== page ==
Firstly, this means that it is inordinately difficult to create garrisons. Why is that important? Well, since the developers have chosen to hamstring your defenses, the only way to defend your base is to keep an army there at all times...and the first time you either accidentally or are forced to "select all" (because some of your units are off-screen), your garrison ends up with your attack force.

     Secondly, because the game uses a rock-paper-scissors concept, which means that every unit has an enemy type that they're strong against and one that they're weak against. That means that every time you want to attack something and you don't have time to find each of the units you want to attack it with, you will also be attacking it with a bunch of units that are either ineffective or highly susceptible to its counter attacks.

     Thirdly, the lack of army-assigning sucks because each unit has a special ability, and using those special abilities is a key to playing effectively. But, since you can't assign, say, 2 squads of Marines and their rocket-launching special attacks to a force, your only options will be to either use ALL of your rockets on ALL of your marines at the same time on a SINGLE target, or hunting around the battlefield until you find one marine, selecting them, targeting their special, and then repeating until you've got all the rocket attacks done that you want to do.

     But, most infuriatingly, this sucks because there is NO WAY to effectively separate your forces. That means trying to dominate the map is impossible and it makes doing rudimentary battlefield tactics like probing defenses and performing pincers nigh-unto impossible. Instead, whether by resignation or accident, you will eventually end up selecting every unit you have on the map and hurling them headlong at your opponent. And that, my friends, is not strategy. As a matter of fact, that's the very opposite of strategy. That's insanity.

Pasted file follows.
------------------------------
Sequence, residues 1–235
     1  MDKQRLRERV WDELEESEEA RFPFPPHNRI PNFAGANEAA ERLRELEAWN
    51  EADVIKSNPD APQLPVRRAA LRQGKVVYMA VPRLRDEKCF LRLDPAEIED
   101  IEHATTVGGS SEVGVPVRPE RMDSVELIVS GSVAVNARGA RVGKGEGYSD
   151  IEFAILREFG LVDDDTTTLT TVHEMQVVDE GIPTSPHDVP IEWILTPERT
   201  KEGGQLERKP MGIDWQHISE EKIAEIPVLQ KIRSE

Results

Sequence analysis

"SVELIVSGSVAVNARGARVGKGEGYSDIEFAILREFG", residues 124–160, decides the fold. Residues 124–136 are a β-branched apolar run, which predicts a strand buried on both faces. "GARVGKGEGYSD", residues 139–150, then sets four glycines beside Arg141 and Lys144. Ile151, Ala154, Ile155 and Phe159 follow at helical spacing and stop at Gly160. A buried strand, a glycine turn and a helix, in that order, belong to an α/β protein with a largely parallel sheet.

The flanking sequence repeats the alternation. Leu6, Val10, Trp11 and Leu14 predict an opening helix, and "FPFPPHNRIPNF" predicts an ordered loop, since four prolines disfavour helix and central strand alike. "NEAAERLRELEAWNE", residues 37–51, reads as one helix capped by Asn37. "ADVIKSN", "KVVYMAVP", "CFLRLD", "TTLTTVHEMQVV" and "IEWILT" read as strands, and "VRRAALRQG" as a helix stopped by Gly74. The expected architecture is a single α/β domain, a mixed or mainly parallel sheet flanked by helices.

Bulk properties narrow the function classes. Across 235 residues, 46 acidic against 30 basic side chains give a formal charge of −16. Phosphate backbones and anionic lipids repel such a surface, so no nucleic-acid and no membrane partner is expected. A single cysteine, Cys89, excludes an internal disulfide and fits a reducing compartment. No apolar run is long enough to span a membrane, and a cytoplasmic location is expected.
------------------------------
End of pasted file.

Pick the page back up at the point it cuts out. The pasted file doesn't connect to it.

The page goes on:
So, instead, games tend to devolve into mindless frays where everything you've managed to build gets pitted against everything your opponent has managed to build, and whoever happens to have the best rock-paper-scissor advantage wins. Which is great if you're playing a guy dumb enough to build all of one kind of unit, but otherwise ends up being one big, ugly mess.

     The game's sole shining point is the story, which gives a mildly interesting pre-Halo background told through over a dozen awesomely eye-candied FMV vignettes. But it's really only worth caring about if you are a die-hard fanboy--the kind who's read every Halo novel out there and is dying for the next to come out.


      The Verdict:

       This may be the best example I've seen of a game that will be immensely popular, and sell insanely well, entirely because of the franchise it's based on. If this was "Generic Sci-Fi Battle Game X," instead of "Halo," nobody...and I do mean NOBODY...would give a damn about it.

      The Good: Great story vignettes and decent graphics.

      The Bad: Idiotic control scheme and crappy handicapping design elements.

      The Overall Ugly: I want my 50 bucks back.

      What it's Worth: If you really care about Halo, rent it and beat the very short, 15-mission campaign in one or two nights. Then forget you ever played it.